The Lonely Fight Against Postpartum Depression
While celebrities like Hayden Panettiere have recently begun opening up about their struggles with the condition, a lack of education and resources means the majority of mothers with postpartum depression are left to battle the illness on their own.
Photo by Raymond Forbes via Stocksy
Last week, Hayden Panettiere, star of ABC's now-canceled drama Nashville, announced she was re-entering rehab to treat postpartum depression after initial treatment in October. Panettiere, who has spoken publicly about living with the condition, said she needed to treat her illness "holistically," rather than rely on "unhealthy coping mechanisms."
According to the American Psychological Association, up to one in seven women in the United States will experience postpartum depression—a maternal mental illness that can affect a parent's ability to function or care for their child. Postpartum depression can appear days or months after childbirth and last months—if not longer—when left untreated.
Unlike Panettiere, the majority of mothers with postpartum depression are left to struggle with the illness on their own. Only 15 percent of women suffering from postpartum depression—or up to 800,000—receive professional care, according to Postpartum Progress, a national nonprofit focused on maternal mental health.
Today, advocates gathered in Washington, DC, for a lobby day and briefing to address this significant gap in treatment and the need for better education about postpartum depression. The event, hosted by the National Coalition for Maternal Mental Health, was in support of Congresswoman Katherine Clark's Bringing Postpartum Depression Out of the Shadows Act of 2015.
"This is supposed to be a joyous time in a mom's life," Clark said. "It's such a tragedy that only such a small fraction of women affected seek treatment."
Clark's legislation would amend the Public Health Service Act to create federal grants for states to fund screening and treatment for postpartum depression and other maternal mental illnesses. The bill specifically asks for the federal government to provide $5 million annually for four years to support states as they develop progressive solutions to tackle and treat an often-stigmatized illness.
The House bill has 54 co-sponsors, with the three latest supporters signing on last week. The Senate version of Clark's bill, introduced by Republican Sen. Dean Heller of Nevada, has 12 co-sponsors. Both are bipartisan efforts.
The bill is currently in committee. Clark said she plans to reintroduce her legislation if it doesn't move through the House.
"We want women who are suffering from postpartum depression to know that there is treatment out there," said Clark.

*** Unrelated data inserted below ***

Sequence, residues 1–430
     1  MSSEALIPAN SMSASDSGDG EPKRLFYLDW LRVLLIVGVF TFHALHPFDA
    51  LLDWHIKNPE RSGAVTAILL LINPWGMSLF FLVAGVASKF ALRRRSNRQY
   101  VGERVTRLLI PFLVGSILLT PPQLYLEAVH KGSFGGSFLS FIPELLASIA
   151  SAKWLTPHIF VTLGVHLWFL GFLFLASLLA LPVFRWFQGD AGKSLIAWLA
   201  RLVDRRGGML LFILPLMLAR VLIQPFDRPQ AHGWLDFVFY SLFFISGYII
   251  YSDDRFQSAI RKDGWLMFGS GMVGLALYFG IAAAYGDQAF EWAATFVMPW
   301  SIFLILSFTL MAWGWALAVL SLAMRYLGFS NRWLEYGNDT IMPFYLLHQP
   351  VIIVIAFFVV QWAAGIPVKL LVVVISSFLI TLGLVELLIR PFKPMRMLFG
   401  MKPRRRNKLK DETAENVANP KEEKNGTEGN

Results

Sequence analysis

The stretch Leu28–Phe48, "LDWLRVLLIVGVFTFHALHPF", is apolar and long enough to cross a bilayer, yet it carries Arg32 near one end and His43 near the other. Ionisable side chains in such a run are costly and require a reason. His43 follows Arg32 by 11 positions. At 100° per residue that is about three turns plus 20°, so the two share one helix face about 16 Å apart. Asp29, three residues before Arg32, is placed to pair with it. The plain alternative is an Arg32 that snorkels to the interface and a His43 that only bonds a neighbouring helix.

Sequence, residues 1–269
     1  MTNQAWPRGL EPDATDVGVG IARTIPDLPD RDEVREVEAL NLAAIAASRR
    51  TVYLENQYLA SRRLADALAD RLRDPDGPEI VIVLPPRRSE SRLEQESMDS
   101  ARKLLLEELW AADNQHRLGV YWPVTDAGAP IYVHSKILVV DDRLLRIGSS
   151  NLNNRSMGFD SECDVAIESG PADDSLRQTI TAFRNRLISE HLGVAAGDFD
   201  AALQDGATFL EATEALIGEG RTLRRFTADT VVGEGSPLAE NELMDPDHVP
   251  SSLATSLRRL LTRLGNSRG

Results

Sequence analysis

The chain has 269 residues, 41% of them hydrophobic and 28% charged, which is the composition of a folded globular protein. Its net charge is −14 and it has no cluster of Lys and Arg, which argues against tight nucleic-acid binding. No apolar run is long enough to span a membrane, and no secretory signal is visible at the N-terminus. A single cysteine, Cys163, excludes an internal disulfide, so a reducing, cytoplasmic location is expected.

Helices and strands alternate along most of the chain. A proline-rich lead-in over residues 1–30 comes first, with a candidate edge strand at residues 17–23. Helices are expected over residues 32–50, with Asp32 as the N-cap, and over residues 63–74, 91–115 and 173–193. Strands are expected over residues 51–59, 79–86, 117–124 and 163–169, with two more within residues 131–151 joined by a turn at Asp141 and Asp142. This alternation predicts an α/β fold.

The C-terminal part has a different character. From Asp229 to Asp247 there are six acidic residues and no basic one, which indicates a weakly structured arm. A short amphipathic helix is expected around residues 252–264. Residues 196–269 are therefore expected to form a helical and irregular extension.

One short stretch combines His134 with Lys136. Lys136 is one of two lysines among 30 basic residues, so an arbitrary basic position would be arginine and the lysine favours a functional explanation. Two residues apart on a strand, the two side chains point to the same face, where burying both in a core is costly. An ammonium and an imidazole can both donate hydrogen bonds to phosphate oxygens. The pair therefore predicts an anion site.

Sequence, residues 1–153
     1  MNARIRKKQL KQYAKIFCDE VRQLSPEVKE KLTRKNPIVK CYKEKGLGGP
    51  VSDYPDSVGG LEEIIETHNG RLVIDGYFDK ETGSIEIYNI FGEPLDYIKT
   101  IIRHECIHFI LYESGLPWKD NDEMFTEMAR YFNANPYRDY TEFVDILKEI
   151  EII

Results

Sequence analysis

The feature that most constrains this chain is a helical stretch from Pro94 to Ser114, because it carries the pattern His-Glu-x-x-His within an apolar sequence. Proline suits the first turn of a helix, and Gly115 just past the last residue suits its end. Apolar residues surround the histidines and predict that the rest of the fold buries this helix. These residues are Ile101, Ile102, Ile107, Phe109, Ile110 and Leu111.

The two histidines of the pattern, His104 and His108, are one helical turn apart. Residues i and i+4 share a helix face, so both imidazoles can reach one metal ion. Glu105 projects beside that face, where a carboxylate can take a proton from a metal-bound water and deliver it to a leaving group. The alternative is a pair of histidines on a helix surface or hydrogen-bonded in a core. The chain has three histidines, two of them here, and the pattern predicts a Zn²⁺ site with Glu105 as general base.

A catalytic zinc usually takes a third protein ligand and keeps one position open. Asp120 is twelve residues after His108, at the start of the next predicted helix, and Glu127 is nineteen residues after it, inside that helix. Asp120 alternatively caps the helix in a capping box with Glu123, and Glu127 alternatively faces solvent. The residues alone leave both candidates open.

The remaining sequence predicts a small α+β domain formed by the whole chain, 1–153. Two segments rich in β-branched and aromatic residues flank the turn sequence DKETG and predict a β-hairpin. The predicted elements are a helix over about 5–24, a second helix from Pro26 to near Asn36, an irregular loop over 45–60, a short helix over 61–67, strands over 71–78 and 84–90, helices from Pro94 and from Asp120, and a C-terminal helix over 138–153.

But Clark notes that improving access to postpartum depression care is not only about mothers—it's about babies, too.
Studies have shown that undiagnosed and untreated maternal depression can harm a child's cognitive and emotional development. Researchers behind a 2010 Infant Behavior and Development paper reviewed ten years' worth of data on the effects of postpartum depression and found that the illness jeopardizes several caregiving activities, including feeding routines and safety practices. A 2004 Canadian study published in Paediatrics and Child Health discovered that children of depressed parents may develop insecure attachment, poor self-control, anxiety, impaired social skills, and learning difficulties, among other issues.
"It's preventable if more moms get help," said Joy Burkhard, founder of the National Coalition for Maternal Mental Health, a California-based group focusing on pregnancy and postpartum depression. "Children can avoid a lifetime of challenges."
Burkhard said America's fragmented health care system is partly to blame for the gaps in detection and treatment. Physical health and mental health are treated in two different systems, she said, which stymies communication and collaboration. This leaves many primary care physicians who are willing to screen for postpartum depression stumped on where to refer patients for help. And, Burkhard continued, not only does the health care system suffer from a shortage of therapists—particularly reproductive psychiatrists—it's not set up to train already overworked and overburdened doctors on how to screen for the illness in the first place.
"Women are falling through the cracks and not getting treatment, even when they're crying out for help," said Burkhard, who also serves as board executive director and chair of the 2020 Mom Project, a national maternal mental health non-profit. "It's the fault of our medical system for not catching the problem."
Burkhard and Clark both hope that the lobby day and briefing in Washington, DC, will drum up more support for the bill, as well as educate lawmakers on the illness and need for better care at the state and federal levels.
More importantly, as public awareness around postpartum depression grows—and more people like Panettiere speak out against stigma—they want to let women affected by postpartum depression to know it's OK to talk about their illness.
"[We] want to help women come out of the shadows," said Clark.